KANSAS CITY, Mo. - Halloween can be a scary time, but financial decisions do not have to be frightening.
Credit counselor Jana Castanon said there are tricks and treats to some financial decisions -- for example: getting rid of all credit cards. On one hand, consumers who cut up cards can live within their spending means and avoid paying interest rates, but it can also cost you.
No credit can lower your credit score. That can cost you when doing business with companies like insurance, rental car and mortgage companies, which look into credit history.
"You have to have something in that credit file in order to get lower rates on a lot of services," Castanon said
When it comes to transferring balances to lower interest rate credit cards, Castanon said it helps you create a plan to pay off debt; however, consumers can be tempted to run up debt again if they do not change spending habits.
"The disadvantage of balance transfers is that most people do not change their spending behavior so a year later they would now have two cards open with high balances." she said.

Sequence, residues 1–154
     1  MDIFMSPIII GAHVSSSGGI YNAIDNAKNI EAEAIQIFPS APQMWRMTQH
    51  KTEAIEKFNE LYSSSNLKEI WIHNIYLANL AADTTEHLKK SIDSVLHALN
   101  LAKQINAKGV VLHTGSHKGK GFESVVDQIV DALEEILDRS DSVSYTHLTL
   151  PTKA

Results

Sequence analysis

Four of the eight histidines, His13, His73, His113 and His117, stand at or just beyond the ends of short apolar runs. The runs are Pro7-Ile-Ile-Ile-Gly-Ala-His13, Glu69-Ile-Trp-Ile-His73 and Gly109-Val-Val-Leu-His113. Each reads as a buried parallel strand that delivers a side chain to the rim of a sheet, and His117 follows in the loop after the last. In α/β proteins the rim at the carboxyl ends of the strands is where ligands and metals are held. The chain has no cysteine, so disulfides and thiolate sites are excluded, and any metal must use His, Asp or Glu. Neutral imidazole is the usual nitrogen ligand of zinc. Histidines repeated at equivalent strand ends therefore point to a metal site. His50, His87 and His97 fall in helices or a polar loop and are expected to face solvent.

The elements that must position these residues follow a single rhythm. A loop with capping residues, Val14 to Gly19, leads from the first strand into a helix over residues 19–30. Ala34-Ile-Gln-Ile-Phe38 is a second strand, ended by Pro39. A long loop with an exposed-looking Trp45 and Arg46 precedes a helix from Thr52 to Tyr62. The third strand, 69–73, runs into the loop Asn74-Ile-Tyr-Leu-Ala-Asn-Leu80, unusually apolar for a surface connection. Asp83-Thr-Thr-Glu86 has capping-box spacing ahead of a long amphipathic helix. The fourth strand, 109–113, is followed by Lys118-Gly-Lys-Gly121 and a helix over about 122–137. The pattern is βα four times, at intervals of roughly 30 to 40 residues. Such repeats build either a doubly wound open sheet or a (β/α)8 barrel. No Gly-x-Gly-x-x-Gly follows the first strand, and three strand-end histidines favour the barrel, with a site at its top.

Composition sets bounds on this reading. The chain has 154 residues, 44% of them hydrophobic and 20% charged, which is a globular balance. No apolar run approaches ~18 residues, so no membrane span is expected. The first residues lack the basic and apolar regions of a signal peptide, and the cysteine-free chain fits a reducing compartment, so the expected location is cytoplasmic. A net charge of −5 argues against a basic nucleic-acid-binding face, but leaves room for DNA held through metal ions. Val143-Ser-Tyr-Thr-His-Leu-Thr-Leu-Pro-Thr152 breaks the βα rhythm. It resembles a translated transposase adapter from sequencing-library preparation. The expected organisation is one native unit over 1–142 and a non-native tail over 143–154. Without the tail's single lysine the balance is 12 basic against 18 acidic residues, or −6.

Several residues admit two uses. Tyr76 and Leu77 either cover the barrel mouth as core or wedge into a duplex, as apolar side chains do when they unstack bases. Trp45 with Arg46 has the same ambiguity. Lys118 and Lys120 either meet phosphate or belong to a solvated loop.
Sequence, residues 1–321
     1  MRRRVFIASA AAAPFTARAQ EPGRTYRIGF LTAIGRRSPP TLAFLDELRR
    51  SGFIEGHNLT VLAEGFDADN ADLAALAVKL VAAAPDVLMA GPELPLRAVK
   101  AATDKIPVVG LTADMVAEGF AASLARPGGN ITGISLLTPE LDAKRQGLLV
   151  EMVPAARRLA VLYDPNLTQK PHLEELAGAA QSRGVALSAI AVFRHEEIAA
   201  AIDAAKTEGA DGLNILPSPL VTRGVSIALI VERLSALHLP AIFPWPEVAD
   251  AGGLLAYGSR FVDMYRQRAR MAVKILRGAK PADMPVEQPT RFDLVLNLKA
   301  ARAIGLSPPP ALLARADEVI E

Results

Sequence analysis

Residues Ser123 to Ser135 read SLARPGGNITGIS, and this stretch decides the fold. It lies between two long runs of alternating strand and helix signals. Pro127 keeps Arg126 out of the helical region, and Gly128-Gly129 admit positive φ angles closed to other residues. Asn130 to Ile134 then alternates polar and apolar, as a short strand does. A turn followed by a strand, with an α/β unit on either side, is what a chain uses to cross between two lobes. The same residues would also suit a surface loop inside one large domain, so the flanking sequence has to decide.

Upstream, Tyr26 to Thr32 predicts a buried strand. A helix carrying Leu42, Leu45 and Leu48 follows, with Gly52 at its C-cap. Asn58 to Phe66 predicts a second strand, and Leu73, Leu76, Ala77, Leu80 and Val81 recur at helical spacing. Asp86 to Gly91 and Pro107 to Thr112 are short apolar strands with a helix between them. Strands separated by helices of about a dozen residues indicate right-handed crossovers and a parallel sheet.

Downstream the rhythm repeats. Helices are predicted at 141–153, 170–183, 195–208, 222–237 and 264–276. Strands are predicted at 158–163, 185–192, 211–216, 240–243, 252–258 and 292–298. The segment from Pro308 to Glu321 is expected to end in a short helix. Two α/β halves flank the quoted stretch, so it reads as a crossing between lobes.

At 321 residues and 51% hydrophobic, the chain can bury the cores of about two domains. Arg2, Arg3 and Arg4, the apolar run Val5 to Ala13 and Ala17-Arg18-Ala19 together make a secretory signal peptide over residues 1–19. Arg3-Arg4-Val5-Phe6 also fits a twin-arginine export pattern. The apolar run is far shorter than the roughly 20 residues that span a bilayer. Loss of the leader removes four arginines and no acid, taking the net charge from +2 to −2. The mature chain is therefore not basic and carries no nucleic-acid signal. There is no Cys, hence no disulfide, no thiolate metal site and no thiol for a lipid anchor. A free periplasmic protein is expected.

Opting out of overdraft protection can help avoid problems. Castanon believes overdraft protection can give you a false sense of security that the bank will cover your purchases; however, it can be expensive if you routinely overdraw your checking account.
Here are some of Castanon's other financial tricks and treats:
Bundling of services
Trick: If you purchase a more expensive plan than you need to bundle your land line, cable and Internet services, you may pay more than necessary.
Treat:You might enjoy significant savings if you evaluate and bundle the serves you really use and shop around for the best deal.
Automatic bill paying
Trick: If you neglect to balance your check register and the automatic payment results in an overdraft, you've defeated the purpose.
Treat:Arranging for your payments to be sent to creditors before the due date means you'll never have a late fee or a dinged credit report.